Major W. J. Virgin, the head of the committee formed to establish the Dhaka Medical College, was the first principal. In the beginning there were only four departments – medicine, surgery, gynecology and otolaryngology (ENT). Since the college did not initially have anatomy or physiology departments, the students at first attended those classes at Mitford Medical School (now the Sir Salimullah Medical College); but, after a month, Professor of Anatomy Pashupati Basuand and Professor of Physiology Hiralal Saha joined the staff and their specialties were taught in ward no. 22 of the hospital.

There was no lecture hall nor dissection gallery at first. These needs were met after the construction of new academic buildings in 1955. The college did not have any student housing. Male students were allowed to reside in the Dhaka University's student halls, but female students did not have the use of that facility. The college and hospital premises were expanded with temporary sheds, some of which were built for outdoor services of the hospital and some for student housing. New buildings for housing, college, and hospital were constructed in phases: a dormitory for girls in 1952, a dormitory for male students in 1954–55, a new complex of academic buildings in 1955, and a dormitory for internee doctors in 1974–75. A new academic and hospital building, adding 500 beds, Dhaka Medical College Hospital-2 (DMCH-2), was inaugurated by Prime Minister Sheikh Hasina on 3 October 2013.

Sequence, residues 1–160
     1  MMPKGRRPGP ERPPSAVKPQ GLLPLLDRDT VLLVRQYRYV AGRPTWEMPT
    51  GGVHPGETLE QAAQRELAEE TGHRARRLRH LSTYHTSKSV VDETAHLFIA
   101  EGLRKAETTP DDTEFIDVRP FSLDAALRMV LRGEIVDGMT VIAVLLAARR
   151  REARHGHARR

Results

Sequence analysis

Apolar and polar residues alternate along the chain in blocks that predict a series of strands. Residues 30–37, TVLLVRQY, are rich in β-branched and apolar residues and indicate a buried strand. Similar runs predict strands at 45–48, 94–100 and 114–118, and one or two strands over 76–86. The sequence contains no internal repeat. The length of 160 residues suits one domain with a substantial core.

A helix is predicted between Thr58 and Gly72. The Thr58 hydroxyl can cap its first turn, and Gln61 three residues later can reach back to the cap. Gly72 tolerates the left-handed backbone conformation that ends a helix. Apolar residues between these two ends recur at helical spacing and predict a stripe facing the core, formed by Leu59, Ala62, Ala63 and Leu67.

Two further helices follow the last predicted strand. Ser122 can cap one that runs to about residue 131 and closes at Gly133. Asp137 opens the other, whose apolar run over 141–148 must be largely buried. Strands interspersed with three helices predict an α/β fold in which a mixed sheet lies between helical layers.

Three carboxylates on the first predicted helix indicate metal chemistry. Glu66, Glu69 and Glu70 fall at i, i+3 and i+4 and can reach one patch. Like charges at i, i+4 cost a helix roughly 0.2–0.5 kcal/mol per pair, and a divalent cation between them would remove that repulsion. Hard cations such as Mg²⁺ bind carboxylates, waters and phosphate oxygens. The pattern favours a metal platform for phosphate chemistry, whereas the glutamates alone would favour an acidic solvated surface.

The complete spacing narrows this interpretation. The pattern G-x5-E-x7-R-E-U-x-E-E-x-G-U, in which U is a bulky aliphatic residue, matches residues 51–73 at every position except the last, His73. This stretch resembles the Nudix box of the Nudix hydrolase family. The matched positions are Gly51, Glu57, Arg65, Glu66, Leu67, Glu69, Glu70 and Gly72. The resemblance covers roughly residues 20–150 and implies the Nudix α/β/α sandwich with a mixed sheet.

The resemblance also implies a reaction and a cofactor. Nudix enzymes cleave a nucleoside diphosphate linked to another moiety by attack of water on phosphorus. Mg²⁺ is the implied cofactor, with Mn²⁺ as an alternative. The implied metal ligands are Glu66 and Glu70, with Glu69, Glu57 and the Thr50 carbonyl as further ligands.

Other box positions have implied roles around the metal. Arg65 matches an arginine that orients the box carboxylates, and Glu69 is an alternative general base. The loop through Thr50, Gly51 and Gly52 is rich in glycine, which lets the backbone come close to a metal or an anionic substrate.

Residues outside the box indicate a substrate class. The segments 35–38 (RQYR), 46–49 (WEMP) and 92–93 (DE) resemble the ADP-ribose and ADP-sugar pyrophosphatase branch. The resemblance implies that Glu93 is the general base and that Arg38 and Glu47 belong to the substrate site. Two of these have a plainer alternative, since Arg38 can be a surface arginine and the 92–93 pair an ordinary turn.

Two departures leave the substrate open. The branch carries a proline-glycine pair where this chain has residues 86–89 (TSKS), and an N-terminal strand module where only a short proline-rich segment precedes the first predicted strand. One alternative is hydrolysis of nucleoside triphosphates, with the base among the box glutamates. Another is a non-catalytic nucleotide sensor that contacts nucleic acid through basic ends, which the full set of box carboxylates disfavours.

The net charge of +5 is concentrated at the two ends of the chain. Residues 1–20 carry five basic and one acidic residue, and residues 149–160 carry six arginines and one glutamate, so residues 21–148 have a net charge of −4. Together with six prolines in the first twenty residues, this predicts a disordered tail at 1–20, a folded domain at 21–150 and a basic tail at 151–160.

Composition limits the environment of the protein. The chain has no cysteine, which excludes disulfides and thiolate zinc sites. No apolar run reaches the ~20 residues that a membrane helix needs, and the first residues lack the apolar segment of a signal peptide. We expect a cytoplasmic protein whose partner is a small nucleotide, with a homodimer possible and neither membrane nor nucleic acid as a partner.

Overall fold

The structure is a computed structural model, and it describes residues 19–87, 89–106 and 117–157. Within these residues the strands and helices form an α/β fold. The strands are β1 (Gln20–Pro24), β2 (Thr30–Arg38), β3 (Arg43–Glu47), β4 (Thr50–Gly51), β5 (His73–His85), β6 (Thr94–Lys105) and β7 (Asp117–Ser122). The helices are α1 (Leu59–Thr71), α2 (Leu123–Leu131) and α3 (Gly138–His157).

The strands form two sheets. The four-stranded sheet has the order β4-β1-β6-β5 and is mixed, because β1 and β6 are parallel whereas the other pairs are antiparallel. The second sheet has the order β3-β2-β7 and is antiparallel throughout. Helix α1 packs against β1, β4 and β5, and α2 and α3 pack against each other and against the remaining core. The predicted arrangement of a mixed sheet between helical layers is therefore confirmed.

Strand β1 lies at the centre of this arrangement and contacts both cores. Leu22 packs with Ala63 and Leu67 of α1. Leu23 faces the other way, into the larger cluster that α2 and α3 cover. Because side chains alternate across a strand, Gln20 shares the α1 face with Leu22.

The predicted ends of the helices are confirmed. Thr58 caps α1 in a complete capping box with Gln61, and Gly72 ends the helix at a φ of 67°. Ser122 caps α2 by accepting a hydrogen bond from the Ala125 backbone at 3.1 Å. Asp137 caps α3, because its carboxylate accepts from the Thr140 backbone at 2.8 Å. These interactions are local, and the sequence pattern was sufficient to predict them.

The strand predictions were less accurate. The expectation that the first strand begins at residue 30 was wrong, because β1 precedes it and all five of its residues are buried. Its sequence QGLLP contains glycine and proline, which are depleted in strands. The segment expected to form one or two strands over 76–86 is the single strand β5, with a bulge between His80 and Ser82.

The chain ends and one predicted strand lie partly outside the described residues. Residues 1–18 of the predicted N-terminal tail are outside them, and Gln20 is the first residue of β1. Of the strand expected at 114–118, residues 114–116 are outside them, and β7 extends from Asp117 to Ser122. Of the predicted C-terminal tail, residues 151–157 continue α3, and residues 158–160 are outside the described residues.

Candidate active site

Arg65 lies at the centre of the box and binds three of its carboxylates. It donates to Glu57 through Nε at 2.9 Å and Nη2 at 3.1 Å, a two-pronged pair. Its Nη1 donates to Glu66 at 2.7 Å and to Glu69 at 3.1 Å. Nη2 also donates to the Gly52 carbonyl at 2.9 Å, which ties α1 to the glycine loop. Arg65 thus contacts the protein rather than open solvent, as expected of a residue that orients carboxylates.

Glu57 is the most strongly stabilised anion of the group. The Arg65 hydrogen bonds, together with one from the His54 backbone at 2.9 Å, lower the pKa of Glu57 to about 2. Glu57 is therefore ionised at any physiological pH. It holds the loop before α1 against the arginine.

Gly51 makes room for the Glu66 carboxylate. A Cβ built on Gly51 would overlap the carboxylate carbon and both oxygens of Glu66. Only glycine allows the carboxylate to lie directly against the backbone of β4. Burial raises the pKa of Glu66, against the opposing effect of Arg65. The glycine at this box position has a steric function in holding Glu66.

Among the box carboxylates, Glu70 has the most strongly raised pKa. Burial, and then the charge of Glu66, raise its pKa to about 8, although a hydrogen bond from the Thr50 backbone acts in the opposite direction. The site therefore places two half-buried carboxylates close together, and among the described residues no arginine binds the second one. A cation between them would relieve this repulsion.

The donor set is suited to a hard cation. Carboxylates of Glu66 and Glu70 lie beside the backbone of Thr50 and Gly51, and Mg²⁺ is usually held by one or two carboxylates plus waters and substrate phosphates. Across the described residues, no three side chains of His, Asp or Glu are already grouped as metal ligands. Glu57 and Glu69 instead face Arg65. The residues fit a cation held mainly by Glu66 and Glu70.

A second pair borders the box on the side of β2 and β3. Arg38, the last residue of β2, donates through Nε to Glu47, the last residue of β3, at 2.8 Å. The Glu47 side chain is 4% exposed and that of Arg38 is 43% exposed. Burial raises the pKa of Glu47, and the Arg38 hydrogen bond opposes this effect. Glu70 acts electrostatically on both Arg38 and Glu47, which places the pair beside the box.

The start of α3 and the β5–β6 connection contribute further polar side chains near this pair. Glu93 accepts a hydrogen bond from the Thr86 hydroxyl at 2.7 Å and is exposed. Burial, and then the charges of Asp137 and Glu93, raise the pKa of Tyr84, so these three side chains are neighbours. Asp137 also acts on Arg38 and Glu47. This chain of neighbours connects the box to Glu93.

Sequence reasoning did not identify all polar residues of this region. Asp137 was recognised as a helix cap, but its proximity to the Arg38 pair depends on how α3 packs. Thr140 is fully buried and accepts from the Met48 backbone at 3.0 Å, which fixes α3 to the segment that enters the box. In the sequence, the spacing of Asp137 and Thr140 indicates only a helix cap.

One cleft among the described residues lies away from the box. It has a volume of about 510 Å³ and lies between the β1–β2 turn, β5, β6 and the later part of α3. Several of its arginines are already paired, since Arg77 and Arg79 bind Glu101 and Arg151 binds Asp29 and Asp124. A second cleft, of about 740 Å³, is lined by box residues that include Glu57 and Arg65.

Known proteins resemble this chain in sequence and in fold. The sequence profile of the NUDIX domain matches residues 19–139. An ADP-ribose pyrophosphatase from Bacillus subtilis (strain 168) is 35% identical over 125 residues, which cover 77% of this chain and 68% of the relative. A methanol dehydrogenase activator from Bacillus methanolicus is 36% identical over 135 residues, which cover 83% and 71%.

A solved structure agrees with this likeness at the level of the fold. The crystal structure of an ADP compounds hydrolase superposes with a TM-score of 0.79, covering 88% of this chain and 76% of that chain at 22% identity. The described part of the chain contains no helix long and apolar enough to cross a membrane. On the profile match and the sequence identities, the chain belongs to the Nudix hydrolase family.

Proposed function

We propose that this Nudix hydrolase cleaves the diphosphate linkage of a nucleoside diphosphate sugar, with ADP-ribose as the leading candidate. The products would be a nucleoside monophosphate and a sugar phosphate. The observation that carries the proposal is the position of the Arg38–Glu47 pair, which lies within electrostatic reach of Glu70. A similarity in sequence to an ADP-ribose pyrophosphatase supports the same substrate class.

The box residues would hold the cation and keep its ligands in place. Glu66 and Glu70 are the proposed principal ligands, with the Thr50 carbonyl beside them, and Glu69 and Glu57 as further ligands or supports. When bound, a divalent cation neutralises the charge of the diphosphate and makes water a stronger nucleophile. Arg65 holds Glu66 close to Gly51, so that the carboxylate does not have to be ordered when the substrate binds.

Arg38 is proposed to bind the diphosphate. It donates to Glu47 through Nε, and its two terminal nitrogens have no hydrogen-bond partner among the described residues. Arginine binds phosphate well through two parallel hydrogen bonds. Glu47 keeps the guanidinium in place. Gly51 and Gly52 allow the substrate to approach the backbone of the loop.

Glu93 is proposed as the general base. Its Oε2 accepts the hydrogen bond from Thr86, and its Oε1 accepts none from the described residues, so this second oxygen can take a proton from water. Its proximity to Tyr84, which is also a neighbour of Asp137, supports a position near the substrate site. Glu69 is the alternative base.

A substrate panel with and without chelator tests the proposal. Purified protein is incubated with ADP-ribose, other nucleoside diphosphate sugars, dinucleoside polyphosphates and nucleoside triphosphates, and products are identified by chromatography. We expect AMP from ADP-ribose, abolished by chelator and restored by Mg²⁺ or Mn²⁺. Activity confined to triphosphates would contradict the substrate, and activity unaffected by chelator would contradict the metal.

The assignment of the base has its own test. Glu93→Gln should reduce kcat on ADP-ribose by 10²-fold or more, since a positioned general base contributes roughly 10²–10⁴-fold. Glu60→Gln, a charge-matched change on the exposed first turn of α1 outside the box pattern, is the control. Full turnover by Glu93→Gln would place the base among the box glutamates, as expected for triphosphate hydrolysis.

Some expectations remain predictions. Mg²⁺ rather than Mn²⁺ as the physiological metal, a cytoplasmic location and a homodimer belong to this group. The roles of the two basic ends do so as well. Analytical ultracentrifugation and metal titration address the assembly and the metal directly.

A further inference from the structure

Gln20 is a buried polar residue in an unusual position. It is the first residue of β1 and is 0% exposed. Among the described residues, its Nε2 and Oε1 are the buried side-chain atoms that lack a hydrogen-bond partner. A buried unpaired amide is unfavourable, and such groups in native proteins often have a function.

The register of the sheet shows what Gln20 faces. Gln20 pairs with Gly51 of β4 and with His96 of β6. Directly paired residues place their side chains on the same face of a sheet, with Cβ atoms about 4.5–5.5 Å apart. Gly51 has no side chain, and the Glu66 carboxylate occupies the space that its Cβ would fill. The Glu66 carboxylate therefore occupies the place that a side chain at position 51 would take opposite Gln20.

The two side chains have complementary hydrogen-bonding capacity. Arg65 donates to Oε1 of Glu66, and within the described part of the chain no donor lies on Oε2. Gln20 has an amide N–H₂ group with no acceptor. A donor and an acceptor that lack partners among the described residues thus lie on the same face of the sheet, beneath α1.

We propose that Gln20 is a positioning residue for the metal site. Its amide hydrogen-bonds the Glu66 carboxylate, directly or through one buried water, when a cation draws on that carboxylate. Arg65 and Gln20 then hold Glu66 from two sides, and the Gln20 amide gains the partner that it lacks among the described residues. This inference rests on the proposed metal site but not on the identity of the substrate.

Over time, the original 100-bed hospital has grown to become Bangladesh's largest hospital. After adding the 500 beds in 2013, DMCH now has 2300 beds in a 25-acre campus.[1]

Entrance examination[edit]

Every year, after passing their Higher Secondary School Certificate examinations, nearly 66,000 applicants from all over the country sit for the medical college admission test. The top 200[citation needed] students get the opportunity to study at Dhaka Medical College. About 20 foreign students are admitted according to merit. Each entering Class of the college, which is known as a "Batch", is designated by the prefix 'K' followed by the batch number. Every batch also has a special name: for example, Hottogol K-61, Baundule K-62, Shopnochari K-63, Jatrik K-64, Kolpok K-65, Shonkhoneel K-66, Lubdhok K-67, Deepro K-68, Uttal K-69, Suprovo K-70, Anirban K-71, Badhvanga K-72, etc.[citation needed]